The classic political satire about an imaginary ideal world by one of the Renaissance’s most fascinating figures.
Named after a word that translates literally to “nowhere,” Utopia is an island dreamed up by Thomas More, a devout Catholic, English statesman, and Renaissance humanist who would be canonized as a saint centuries after he was executed for choosing God over king. More’s novel introduces us to Utopia’s society and its customs. It is a place of no private property and no lawyers; of six-hour workdays and simple ways; and, intriguingly, of a combination of values that blend the traditional with the highly controversial, from euthanasia to married priests to slavery.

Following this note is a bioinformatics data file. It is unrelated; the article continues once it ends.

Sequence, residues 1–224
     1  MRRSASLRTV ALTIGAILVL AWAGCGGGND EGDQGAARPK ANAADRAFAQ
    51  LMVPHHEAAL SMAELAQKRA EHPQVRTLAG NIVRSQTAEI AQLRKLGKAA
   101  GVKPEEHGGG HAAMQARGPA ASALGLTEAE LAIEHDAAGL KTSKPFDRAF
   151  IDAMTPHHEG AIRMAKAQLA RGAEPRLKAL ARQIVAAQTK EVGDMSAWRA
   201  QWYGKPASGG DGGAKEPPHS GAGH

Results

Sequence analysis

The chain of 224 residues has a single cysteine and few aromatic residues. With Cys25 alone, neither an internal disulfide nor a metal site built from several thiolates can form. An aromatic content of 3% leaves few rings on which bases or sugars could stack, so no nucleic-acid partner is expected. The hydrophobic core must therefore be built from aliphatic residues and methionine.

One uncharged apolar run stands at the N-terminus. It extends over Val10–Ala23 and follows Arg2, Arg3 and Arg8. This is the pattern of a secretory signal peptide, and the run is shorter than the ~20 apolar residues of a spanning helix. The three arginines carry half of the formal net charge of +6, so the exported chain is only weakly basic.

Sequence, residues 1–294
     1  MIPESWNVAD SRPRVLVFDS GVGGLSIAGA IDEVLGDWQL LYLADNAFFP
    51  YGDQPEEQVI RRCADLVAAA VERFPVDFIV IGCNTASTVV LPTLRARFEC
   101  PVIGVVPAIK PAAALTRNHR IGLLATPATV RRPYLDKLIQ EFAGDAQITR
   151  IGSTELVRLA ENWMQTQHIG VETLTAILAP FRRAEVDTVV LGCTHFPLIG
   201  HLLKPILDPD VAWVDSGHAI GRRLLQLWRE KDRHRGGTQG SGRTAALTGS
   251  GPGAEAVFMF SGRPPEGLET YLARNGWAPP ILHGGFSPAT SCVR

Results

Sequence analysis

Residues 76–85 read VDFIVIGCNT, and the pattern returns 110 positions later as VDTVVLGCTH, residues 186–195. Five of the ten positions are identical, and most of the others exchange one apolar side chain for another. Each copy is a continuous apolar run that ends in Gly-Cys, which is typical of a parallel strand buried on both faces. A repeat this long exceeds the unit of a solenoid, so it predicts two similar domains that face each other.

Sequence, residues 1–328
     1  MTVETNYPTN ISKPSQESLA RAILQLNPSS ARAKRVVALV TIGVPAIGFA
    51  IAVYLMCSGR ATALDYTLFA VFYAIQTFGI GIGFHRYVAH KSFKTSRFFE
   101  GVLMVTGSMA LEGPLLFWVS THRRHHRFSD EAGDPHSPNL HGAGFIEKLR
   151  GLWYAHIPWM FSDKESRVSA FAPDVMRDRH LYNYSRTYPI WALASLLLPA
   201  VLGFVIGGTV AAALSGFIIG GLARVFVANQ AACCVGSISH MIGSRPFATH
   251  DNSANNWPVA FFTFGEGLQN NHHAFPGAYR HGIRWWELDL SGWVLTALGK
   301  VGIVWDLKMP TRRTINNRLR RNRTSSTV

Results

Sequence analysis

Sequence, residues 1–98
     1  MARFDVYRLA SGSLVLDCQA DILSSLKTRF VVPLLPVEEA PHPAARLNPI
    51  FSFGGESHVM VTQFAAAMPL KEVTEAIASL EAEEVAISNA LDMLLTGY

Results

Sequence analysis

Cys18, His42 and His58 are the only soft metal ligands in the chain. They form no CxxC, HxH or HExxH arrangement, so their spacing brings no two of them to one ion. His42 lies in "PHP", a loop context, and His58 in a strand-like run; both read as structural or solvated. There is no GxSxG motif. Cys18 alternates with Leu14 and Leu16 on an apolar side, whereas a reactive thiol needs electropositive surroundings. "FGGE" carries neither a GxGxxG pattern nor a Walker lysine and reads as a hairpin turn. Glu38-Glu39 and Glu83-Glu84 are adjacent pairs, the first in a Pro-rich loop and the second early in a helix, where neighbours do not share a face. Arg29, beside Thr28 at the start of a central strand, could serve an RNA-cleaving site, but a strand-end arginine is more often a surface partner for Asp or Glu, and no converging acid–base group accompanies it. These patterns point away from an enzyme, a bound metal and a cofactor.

Remarkably thought-provoking, it is a novel that asks us to question what makes a perfect world—and whether such a thing is even possible.